Democracy in The Circle: a route to reconnection and engagement?

Frank Hendriks

One of the theme’s at INLOGOV’s 2014 summer symposium is “Strengthening democracy and participation: routes to re-connection and engagement.” One of the possible routes is tellingly sketched in Dave Eggers’s recent novel The Circle (2013).

I will not try to summarize this rich, dystopian novel which is in the tradition of Orwell’s 1984 and Huxley’s Brave New World, brimming with ideas as well as fears. The vision of democracy presented in The Circle is what I focus on here. It is called ‘demoxie’, and it might be a better prediction of future democracy than many theorists would think.

In the book, demoxie is quite typically introduced as a hitherto unthought-of ‘next step’ in a development process. It starts with the idea to make everyone with a Circle account automatically a registered voter. In the brave new world of The Circle, virtually everyone has such an account, as it is the merger of all other accounts. Think of Google, Twitter, Facebook, and all that coming together in one big company, with a monopoly on the internet and all connected data. One of the company founders, Bailey, first sees this as an opportunity to perfect electoral democracy, to close ‘the circle’ between electors and elected so to speak. “Now think,” he says at a company meeting, “if we can get closer to full participation in all elections (…) As we know here at the Circle, with full participation comes full knowledge. We know what Circlers want because we ask (…) if we observe the same model nationally, electorally, then we can get very close, I think, to 100 percent participation. One hundred percent democracy.”

There is applause, but the fatal heroine of the book, Mae Holland, has a brainwave and suggests to take the whole thing one step further. Why not oblige everyone to vote? “Everyone would agree that 100 percent participation is the ideal.” Until the requested vote has been cast, a circle account will simply be blocked. “And then we can take the temperature of everyone at any time.” The developers at the firm are so excited that within a week they have a beta version of what now is called ‘demoxie’ – “It’s democracy with your voice, and your moxie. And it’s coming soon.” The first try-out question is “Should we have more veggie options at lunch?” In no time the demoxie result appears: “75% of respondents want more veggie options. More veggie options will be provided.” The company’s founders are excited, they want more of these direct votations and promise to implement the majority ‘moxie’ within a day. Demoxie would be the best shot at ‘pure’, direct democracy the world ever had.

Is this unreal ‘science-fiction’, completely detached from our world? I don’t think so. Like everything in The Circle, demoxie is a radical extrapolation of developments already visible. It’s actually quite close to what the Five Star Movement, one of Italy’s biggest parties nowadays, envision. It’s very close to what pirate parties around the world call ‘liquid feedback’ – heeding the voice of constituencies on a permanent basis, feeding it back directly to political processes at hand. It’s an extrapolation of consumer polls, internet surveys, facebook counts, and the like, now with the promise of swift take-up, and response rates that can hardly be ignored.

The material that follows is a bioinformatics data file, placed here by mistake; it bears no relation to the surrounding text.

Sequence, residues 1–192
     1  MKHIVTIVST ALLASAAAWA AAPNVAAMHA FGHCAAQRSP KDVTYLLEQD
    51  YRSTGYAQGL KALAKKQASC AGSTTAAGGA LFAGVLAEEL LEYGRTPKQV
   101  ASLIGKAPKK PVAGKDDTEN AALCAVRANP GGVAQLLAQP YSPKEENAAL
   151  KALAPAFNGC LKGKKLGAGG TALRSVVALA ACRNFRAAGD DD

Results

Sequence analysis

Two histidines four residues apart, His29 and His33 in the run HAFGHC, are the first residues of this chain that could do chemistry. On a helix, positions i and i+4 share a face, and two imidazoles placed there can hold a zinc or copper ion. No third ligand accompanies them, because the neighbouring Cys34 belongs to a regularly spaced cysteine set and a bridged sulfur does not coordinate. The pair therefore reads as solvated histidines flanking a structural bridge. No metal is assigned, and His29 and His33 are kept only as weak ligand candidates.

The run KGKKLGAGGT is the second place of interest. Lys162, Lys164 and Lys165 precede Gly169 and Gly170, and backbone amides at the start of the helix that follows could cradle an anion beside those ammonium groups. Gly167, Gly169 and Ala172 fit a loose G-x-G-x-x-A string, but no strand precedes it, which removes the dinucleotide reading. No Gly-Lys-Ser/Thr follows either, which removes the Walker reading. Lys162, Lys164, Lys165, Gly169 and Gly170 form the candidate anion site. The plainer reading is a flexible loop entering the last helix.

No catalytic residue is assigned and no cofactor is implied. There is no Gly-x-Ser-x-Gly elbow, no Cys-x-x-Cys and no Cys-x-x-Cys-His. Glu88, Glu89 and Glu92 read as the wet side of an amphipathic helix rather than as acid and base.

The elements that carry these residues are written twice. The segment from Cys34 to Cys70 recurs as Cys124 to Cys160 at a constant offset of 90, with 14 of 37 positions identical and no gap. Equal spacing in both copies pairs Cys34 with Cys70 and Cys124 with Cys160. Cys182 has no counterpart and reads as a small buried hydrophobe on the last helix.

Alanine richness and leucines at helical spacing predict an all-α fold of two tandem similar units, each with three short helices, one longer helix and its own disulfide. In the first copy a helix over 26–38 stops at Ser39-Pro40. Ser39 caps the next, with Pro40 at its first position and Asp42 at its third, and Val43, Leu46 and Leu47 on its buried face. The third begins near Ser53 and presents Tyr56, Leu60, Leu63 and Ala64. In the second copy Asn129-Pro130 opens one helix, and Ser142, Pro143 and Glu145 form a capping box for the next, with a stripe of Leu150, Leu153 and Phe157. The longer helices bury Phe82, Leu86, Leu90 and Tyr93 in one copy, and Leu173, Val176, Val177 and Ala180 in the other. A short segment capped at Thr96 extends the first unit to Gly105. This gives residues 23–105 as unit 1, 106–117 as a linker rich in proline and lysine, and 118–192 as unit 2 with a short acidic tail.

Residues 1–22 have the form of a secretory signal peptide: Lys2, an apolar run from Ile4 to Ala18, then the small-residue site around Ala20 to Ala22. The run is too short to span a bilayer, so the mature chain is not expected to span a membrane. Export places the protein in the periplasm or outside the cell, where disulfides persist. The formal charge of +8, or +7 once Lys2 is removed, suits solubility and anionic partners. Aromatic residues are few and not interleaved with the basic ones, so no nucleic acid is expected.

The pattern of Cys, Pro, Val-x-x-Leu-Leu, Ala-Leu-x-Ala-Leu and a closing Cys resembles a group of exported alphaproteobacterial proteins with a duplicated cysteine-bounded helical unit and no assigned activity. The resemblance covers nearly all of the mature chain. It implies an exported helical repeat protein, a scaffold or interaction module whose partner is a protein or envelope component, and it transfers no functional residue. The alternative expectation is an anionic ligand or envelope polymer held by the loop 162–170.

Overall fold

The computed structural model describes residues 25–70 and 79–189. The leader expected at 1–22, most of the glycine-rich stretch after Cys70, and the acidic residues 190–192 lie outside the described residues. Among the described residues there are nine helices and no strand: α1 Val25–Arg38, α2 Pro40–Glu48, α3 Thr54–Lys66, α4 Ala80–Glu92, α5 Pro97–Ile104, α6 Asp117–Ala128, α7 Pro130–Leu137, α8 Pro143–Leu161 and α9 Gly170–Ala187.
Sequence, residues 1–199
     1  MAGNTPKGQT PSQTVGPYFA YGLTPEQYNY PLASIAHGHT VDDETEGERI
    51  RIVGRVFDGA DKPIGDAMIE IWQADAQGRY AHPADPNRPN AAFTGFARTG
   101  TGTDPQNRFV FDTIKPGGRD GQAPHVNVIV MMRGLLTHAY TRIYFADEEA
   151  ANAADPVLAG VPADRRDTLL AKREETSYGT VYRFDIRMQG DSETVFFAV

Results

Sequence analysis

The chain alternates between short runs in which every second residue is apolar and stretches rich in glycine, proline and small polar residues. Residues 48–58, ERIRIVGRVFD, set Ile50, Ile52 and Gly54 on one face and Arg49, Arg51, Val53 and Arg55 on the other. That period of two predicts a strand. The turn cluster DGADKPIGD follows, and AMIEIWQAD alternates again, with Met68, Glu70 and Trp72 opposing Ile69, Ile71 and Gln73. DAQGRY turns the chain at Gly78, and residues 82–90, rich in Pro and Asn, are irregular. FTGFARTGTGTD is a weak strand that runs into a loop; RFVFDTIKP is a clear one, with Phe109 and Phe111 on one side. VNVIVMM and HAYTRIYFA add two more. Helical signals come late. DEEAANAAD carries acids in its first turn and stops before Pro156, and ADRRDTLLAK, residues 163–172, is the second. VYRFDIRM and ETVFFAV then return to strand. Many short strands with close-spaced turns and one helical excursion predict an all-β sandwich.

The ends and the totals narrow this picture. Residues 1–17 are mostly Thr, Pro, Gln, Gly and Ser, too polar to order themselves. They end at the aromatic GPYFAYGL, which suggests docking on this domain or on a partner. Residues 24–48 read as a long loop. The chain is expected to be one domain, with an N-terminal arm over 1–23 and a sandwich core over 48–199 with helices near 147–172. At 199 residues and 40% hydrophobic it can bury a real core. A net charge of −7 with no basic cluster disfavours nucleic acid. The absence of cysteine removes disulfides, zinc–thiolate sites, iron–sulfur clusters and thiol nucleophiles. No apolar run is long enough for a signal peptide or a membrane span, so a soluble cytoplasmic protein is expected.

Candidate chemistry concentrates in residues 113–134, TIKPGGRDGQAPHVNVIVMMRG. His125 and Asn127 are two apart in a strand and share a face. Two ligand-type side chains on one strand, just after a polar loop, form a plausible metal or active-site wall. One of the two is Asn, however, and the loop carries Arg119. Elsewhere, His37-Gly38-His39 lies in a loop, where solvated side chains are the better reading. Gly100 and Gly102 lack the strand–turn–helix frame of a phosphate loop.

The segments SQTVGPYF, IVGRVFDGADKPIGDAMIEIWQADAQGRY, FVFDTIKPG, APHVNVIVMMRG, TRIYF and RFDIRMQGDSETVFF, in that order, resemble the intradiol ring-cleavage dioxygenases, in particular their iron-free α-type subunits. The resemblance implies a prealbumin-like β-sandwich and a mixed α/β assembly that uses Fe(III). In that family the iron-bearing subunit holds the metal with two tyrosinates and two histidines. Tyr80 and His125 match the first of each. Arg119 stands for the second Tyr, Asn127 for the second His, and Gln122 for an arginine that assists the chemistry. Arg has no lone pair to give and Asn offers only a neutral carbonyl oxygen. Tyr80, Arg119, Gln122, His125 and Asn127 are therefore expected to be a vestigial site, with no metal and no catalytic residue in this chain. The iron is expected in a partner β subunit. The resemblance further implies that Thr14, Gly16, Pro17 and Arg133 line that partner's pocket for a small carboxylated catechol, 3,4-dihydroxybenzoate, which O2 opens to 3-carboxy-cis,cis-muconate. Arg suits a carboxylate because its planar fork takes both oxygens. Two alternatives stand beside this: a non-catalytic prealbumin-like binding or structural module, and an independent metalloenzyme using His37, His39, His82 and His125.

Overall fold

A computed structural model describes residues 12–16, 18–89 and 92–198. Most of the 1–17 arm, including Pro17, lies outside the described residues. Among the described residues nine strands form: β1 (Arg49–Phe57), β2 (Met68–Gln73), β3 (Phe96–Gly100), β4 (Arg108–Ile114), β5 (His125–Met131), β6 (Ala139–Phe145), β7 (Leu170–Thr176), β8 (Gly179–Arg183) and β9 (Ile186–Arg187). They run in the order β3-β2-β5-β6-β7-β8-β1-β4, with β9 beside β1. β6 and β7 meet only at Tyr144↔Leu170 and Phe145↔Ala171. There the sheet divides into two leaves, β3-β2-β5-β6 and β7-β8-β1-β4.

I see ‘demoxie’ as a radicalized version of what I call, less poetically, ‘voter democracy’. I tried to give it due attention in my book ‘Vital Democracy’, but quite honestly it needs much more. Democratic theory is traditionally focused on the distinction between Westminster (indirectly-aggregative) and consensus (indirectly-integrative) democracy. More recently the attention has been extended to communicative and deliberative democracy of the directly-integrative type. Surely, these are routes to re-connection and engagement, and we should continue to study them. However, we should also realize that these routes are followed more often in theory than in practice. Democratic theorists are intrigued by experiments with mini-publics, deliberation days, and the like, but the wider public quite often just prefers to quickly vote, and see their votes aggregated directly and efficiently.

There is not only a popular pull in this direction, but also a strong technological push, which are two reasons to take this other, directly-aggregative, route to re-connection and engagement more seriously than we do. Because whether we like it or not as democratic theorists, it is here to stay and it is bound to grow.

COPYRIGHT WWW.TONTOEMEN.COM